Parsons has been on stage since 1961, following some early work as a commentator and producer for The Today Show before it went on the air, and the past five decades have been most exciting when the next project coming down the pike has been something brand-new.
“I hate to repeat myself, she says. “If I read something and it feels like something I’ve done before, I set it aside. I like to be in on pioneer efforts. And every new play is a pioneer effort.”
Parsons occasionally directs and takes up workshop projects as well. But the acting comes first.“People are always asking me to read their plays, but I don’t always have an opinion to give,” she confesses. “Really I read plays to look at a character.”
And when those great roles come along, as they do from time to time? “I do them, or I don’t do them. But what I really don’t do is analyze. I don’t look at plays that way. Everyone’s very busy analyzing plays, and it just makes me wonder: how can you act in a play if you’ve already analyzed it? I just go out there and do something, or something happens to me. I’ve worked in theatre all my life, and that always works out.”
And what about a play like this, which is so rooted in family dynamics? Does she draw experiences from her own family into her work?
“I don’t work that way. I watch everyone all the time — everyone you meet and everything you see is fodder for your acting. But not my family particularly. Families are families, made up of very special relationships. I don’t think you want to mess with that.”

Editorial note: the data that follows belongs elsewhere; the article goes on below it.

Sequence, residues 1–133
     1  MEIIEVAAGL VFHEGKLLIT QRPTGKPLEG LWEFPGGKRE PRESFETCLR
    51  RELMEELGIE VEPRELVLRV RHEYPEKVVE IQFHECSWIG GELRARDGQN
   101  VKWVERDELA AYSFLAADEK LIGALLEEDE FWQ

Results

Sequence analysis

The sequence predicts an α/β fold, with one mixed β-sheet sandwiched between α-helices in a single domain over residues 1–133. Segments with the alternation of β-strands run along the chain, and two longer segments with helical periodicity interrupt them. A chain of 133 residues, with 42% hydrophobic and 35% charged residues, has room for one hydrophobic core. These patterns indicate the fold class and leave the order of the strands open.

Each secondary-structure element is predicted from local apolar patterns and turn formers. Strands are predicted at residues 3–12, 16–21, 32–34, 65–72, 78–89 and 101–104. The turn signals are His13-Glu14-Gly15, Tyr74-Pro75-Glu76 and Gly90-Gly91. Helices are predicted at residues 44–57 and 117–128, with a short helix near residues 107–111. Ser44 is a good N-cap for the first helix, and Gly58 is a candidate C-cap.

“Sometimes I think I’m spending my life reading bad plays instead of great literature,” she adds. “Fortunately I’m reading ‘Anna Karenina’ right now. God! Reading a chapter of that book is like eating a great piece of cake, every time.”
What else keeps an actress sane while performing a role like this? “I’ve been getting around to see all the memorials I haven’t seen before, like the FDR Memorial and the Martin Luther King, Jr. Memorial. I’ve been renting bikes. I go to the gym every day. Sometimes I just like to walk around by the water. Anything that gets me on my feet and out the door.”
The Velocity of Autumn
Closes October 20, 2013
Arena Stage at the Mead Center for American Theater
1101 Sixth Street, SW
1 hour, 25 minutes, no intermission
Tickets: $70 – $113 (prices may change)
Tuesdays thru Sundays
As for what’s coming up, Parsons has a few balls in the air — she’s particularly excited about a project she’s been collaborating on with Rachel Dickstein called Lear’s Shadow, debuting next season with the New York group Ripe Time — but a break may be in order soon.
“It’s time for me to take some time off,” she says. “I’ve been working steadily for the last five or six years, and I haven’t been able to do anything in my ‘real life’ for a while. I got the chance to go to the Galapagos and to Machu Picchu last year, and I’m hoping to travel more. I’d love to get down to Argentina, and I’m hoping to go to India over Thanksgiving.”
Some might argue that there are easier ways to relax than traveling around the world.“I know. I think I’ve got to stop taking up challenges,” she says.
She’s a wonderful actress. But on that last point, as well-delivered as it is, we’re not totally convinced.